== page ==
The Spurgeon Study Bible is a very neat idea. As most people somewhat acquainted with Mr. Spurgeon know, he was not a verse-by-verse through a book of the Bible kind of preacher. He usually would choose a verse (or portion of verses) for one Sunday and would preach on that and then preach on another (non-related, often from a whole different book)verse the next week. And also, some may also notice that his preaching was not always very exegetical.
That being said, this commentary is a great compilation! It sort of gives a glimpse of how it would have been if Spurgeon went by a more verse by verse preaching style, and it focuses on snippets from his sermons that are more exegetical.
The version that I have is the brown and tan cloth over board Bible. It is very nicely bound and seems quite durable. The spine has some fancy looking ridges on it and the front has Spurgeon's signature printed on the bottom left.
There is a lot of good commentary in this work. But there are also, of course, places where the commentary is not so great. To give an example, in one place he says, "I hate that plan of reading the Scriptures in which we are told, when we lay hold of a gracious promise, 'Oh, that is for the Jews.' Then I also am a Jew, for it is given to me! Every promise of God's Word belongs to all those who have the faith to grasp it…." That is a ridiculous, irreverent and, to speak very plainly, quite a selfish statement. Why does everything have to be about us individually? And it absolutely cannot be applied in a general way. What if there was a married, childless, ninety year old woman who greatly desires to have children and so she reads Genesis and Matthew, and grasps hold of the promises given to Sarah and Elizabeth, that they would bear children in their old age, and applies them to herself in faith? Is that a reverent interpretation of God's Word?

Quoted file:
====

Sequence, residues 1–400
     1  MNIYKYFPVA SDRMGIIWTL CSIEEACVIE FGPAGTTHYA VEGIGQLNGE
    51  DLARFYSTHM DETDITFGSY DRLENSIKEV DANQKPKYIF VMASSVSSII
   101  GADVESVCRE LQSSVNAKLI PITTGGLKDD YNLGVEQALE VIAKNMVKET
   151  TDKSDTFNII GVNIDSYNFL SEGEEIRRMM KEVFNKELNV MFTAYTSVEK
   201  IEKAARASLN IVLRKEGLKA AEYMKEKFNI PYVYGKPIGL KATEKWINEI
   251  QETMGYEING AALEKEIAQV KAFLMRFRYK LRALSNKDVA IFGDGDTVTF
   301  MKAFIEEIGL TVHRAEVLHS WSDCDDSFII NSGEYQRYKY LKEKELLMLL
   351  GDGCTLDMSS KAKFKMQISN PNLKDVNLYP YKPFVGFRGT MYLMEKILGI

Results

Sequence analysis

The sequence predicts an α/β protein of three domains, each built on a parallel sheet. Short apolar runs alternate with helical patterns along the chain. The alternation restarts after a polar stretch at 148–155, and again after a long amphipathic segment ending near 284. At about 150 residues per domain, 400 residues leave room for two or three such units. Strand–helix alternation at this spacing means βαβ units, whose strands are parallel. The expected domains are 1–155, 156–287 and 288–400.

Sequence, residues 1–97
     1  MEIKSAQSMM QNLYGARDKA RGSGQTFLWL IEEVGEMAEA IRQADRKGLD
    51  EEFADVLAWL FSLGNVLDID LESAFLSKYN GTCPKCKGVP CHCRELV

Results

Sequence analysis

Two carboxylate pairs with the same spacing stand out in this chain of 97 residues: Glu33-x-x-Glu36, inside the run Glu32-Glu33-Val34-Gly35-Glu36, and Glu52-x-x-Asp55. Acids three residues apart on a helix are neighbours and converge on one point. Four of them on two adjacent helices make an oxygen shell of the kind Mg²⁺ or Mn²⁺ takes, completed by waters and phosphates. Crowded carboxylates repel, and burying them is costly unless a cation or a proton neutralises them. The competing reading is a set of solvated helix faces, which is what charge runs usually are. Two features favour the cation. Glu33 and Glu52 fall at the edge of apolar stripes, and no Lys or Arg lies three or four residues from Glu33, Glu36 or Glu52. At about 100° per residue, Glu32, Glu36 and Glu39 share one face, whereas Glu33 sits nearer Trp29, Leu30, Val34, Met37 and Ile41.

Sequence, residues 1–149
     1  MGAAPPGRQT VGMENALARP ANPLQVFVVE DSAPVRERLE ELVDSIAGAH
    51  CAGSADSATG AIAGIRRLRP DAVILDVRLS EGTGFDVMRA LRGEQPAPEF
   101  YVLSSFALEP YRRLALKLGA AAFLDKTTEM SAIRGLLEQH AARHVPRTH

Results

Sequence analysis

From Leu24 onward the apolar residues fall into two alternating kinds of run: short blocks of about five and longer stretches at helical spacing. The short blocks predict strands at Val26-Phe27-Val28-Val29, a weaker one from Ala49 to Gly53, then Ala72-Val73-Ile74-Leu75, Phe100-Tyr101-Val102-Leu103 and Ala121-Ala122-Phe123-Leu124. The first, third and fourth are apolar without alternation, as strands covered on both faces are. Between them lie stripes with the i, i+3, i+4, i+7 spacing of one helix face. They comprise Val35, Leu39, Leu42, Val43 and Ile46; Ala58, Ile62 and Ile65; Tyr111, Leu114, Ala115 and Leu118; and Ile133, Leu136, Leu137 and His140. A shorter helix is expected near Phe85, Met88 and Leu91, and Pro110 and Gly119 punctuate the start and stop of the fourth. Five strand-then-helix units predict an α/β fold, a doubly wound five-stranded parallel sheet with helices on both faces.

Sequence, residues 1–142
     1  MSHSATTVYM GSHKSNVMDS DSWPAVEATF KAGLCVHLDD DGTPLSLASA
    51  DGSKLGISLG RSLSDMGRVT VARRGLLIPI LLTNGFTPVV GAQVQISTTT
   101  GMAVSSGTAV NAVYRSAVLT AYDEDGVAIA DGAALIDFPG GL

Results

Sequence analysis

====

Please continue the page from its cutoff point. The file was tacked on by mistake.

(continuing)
Anyway, I still think that this is a worthwhile Bible to get. There is a lot of good commentary in here, and of course, it is filled with pithy statements like, "Let us never think that we have learned a doctrine until we have seen its fruit in our lives." and "Anything is a blessing that makes us pray"
And I was particularly pleased at Spurgeon's conclusions in some places that are more or less controversial today. For instance, in speaking of the flood's being a universal flood some of the commentary says, "If Moses had meant to describe a partial deluge on only a small part of the earth, he used misleading language. But if he meant to teach that the deluge was universal, he used the words we might have expected that he would use. I should think that no person, merely by reading this chapter, would arrive at the conclusion that has been reached by some of our learned men - too learned to hold the simple truth of God. " Wow! That's really stating it plainly.
And then, speaking of 1 Corinthians 9-10 ("What no eye has seen, no ear has heard….") he expresses incredulity at "How frequently verses of Scripture are misquoted! How frequently do we hear believers describing heaven as a place of which we cannot conceive. They quote verse 9, and there they stop, not seeing that the marrow of the whole passage lies in verse 10. The apostle was not talking about heaven at all. He was only saying that the wisdom of this world is not able to discover the things of God, that the merely carnal mind is not able to know the deep spiritual things of our most holy faith…" Rather, these things "must be revealed by the Spirit of God, as they are to all believers." I was delighted that he had come to that conclusion as I know that my dad (a pastor) has been frustrated by the same thing.
As one would expect with just about anything written by Spurgeon, there is a lot of quotable stuff in the commentary. Overall, it's exactly what one would expect in a Spurgeon study Bible.
Many thanks to the folks at B&H Publishers for the free review copy of this book (My review did not have to be favorable)!
My Rating: 5 out of 5 Stars